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On September 9, 2019, I emailed our school’s publications advisor, Kathryn Campbell, hoping to work with our school’s publications. At the time, I didn’t know how many doors, interests, and hearts that email would open. 

My first assignment was a profile of our school’s new head chef. Chef Boese and I sat down in our lunch room and just talked. From his life and family to hopes for collaboration with the students, the feature story offered students a splash of humanity to connect with the chef they so often mindlessly pass by. 

In all of my work, I strive for it to mean something. But I never manufacture that meaning. When you spend enough time (sometimes just five minutes) connecting with someone — or something — you’ll find that the meaning was there all along; it’s just my duty to help communicate it effectively and honestly. 

After that profile, I picked up many photo assignments, from stock photography-type images of fall flavors to covering our school’s sailing team. But on October 10, 2019, when then-President Donald Trump visited Minneapolis, I discovered my love for political and activism reporting. Canon Rebel T5 in hand (I saved for two years to buy that camera back in middle school), I hit the streets around Target Center to cover the demonstrations that had erupted against POTUS. Then, I headed inside to document the Keep America Great rally. While I produced a photo story for The Rubicon about the events, those images were my gateway to the NSPA/ACP Campaign 2020 Photo Exchange, to which I became a frequent contributor.


Picking up school-based stories along the way, I continued down my political coverage path. In January 2020, I landed a one-on-one interview with Rep. Ilhan Omar (D-MN5) at her re-election campaign launch in Downtown Minneapolis. We talked about many things, including her unique approach to foreign policy and “rose, bud, and thorn” from her first term. I followed the whole 2020 campaign (presidential and congressional) closely, working with editors to push out relevant, timely articles whenever news broke (including a timeline of the whole Election Week 2020). 

At my second Bernie Sanders rally, I ran into a few other journalists from our outlet. There, I shared with them the anatomy of a rally with tips to get some great coverage. While photojournalism might seem competitive — and it is, to an extent — most people are surprised to hear it’s quite collaborative.

Last Spring, I, like many Minnesotans, found myself with the global spotlight in my backyard as our state and world experienced a reinvigorated global reckoning with racial inequality. My duty to share stories and amplify voices thrust me further into the field than I’d been before, and I’ve only gone deeper since. What I found in the field, though, among stories and raw humanity, was a warmly open community of photographers. I can hardly explain how much I’ve learned from all of them — from a mentality shift to striving to understand rather than be understood and first entering a space without a camera to truly connect with people, to the power of small moments, and more.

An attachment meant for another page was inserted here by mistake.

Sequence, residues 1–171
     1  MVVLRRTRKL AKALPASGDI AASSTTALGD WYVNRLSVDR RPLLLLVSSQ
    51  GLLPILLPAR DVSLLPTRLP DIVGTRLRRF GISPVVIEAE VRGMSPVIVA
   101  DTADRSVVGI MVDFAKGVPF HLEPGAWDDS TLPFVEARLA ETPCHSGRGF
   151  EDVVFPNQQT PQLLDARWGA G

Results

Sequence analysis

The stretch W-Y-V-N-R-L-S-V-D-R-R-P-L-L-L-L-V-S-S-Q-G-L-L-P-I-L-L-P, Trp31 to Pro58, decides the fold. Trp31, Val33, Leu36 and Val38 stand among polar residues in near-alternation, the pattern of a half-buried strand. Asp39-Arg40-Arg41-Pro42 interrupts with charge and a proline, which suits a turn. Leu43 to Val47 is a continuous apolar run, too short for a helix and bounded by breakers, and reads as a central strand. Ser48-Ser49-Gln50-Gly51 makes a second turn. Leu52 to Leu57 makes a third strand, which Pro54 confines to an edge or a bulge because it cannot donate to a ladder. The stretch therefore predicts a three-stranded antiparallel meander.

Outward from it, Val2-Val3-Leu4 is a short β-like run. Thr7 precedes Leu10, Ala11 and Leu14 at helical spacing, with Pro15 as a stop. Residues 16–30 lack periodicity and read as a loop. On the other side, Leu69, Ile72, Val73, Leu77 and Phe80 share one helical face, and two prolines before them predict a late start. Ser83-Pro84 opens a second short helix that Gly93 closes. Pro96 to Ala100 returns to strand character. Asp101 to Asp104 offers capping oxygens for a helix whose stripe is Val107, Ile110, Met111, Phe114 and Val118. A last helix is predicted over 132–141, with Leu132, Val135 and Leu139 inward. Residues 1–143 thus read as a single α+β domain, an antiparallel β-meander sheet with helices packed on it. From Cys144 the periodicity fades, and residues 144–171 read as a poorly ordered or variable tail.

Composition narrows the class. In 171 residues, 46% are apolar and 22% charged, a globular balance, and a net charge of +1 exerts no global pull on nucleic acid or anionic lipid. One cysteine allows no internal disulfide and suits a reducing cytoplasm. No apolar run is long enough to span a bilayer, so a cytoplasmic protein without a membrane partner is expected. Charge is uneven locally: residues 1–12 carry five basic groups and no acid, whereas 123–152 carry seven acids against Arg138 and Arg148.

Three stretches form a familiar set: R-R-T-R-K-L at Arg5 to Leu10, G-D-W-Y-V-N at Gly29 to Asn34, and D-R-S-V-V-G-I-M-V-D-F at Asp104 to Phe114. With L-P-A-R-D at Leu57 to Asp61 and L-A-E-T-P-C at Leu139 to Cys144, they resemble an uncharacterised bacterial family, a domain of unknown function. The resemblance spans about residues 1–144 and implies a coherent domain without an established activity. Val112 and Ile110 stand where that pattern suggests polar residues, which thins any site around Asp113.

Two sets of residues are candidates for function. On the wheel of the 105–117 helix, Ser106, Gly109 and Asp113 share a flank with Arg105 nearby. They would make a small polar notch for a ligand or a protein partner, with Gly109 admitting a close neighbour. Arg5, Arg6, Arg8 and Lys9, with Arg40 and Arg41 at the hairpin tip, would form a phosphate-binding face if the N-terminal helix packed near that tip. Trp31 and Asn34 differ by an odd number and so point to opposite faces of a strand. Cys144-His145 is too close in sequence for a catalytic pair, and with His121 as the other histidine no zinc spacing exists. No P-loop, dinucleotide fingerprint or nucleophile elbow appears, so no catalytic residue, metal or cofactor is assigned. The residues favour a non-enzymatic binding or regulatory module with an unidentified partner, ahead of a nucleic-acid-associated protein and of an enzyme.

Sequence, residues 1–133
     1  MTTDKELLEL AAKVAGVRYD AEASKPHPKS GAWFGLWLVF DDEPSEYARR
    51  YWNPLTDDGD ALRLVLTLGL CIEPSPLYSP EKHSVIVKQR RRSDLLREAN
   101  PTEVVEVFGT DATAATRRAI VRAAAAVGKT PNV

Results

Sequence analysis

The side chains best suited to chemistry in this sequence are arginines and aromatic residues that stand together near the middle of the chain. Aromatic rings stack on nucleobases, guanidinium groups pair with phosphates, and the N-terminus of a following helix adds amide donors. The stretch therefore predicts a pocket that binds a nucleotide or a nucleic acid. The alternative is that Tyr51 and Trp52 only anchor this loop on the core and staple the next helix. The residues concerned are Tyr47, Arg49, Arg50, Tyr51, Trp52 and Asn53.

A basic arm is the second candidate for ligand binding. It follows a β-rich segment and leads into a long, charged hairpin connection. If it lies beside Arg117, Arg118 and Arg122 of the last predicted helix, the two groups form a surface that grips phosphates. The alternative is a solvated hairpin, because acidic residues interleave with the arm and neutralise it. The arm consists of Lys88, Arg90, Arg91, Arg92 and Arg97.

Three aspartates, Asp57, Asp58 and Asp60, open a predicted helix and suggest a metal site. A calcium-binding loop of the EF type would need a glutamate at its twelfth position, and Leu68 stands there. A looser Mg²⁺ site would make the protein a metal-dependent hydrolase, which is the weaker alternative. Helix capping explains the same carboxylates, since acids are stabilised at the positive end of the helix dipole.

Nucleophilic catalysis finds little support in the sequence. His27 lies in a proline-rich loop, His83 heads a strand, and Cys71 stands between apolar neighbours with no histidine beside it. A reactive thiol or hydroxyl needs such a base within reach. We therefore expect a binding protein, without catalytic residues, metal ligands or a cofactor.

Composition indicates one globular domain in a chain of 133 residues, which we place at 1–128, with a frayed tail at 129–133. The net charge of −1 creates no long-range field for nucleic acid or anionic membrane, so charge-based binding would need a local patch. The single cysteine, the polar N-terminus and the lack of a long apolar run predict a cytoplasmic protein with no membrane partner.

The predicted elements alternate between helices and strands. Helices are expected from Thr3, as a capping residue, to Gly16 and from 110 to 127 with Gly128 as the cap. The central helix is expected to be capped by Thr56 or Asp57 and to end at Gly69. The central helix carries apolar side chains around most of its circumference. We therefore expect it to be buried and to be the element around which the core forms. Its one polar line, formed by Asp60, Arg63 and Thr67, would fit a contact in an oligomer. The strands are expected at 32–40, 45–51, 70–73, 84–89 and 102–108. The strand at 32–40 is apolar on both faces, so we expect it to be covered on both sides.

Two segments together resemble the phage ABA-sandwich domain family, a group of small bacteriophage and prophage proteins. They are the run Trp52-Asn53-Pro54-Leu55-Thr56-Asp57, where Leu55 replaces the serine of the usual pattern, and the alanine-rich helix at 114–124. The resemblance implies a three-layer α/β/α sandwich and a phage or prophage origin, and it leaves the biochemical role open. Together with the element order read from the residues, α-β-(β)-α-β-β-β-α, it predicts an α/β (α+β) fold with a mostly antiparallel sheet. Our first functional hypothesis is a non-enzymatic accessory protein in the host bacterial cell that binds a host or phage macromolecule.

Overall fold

2020 and 2021 have had no shortage of coverage opportunities, to say the least. As a high school junior and senior, I’ve covered everything from national political campaigns and a global pandemic to social injustice and a domestic terror attack on the U.S. Capitol. I organized the first-ever Governor’s Student Press Summit to get student journalists in the room with the Governor and elected officials to get answers to the questions that matter to kids yet which are often overlooked. And that led to my time as the Photographer for the Governor’s Office. But I’ve also leaned into the small moments within our communities: a beloved teacher departing for a new opportunity, funny marquee signs on local theatres as a positive energy piece, and school sports.

This page can only begin to explain how much photojournalism means to me, and what I feel I’ve been able to contribute through it. But through it all, I strive to share the field and what I’ve learned with my classmates, fellow student journalists, and the photojournalist community at large. From bringing fellow The Rubicon staffers along to a Mike Pence event and collaborating with reporters on related election stories to sharing interviews of community leaders and story tips with staff, I look to bring others along on the journalistic journey.

In the end, my photojournalistic duty isn’t to pit people against each other, but uncover and convey the truth. I serve to speak up for the underdogs when the mob-rule becomes problematic, even if it’s difficult. Even if I’m met with resistance. I do what is right, not what is easy.

So, while I humbly ask for your consideration of my application for Photojournalist of the Year, do know that I will be equally excited for whomever is recognized, even if it’s not me, and with just as much enthusiasm as if it were. What a beautiful thing to celebrate: youth bringing the first draft of history to the next history makers.

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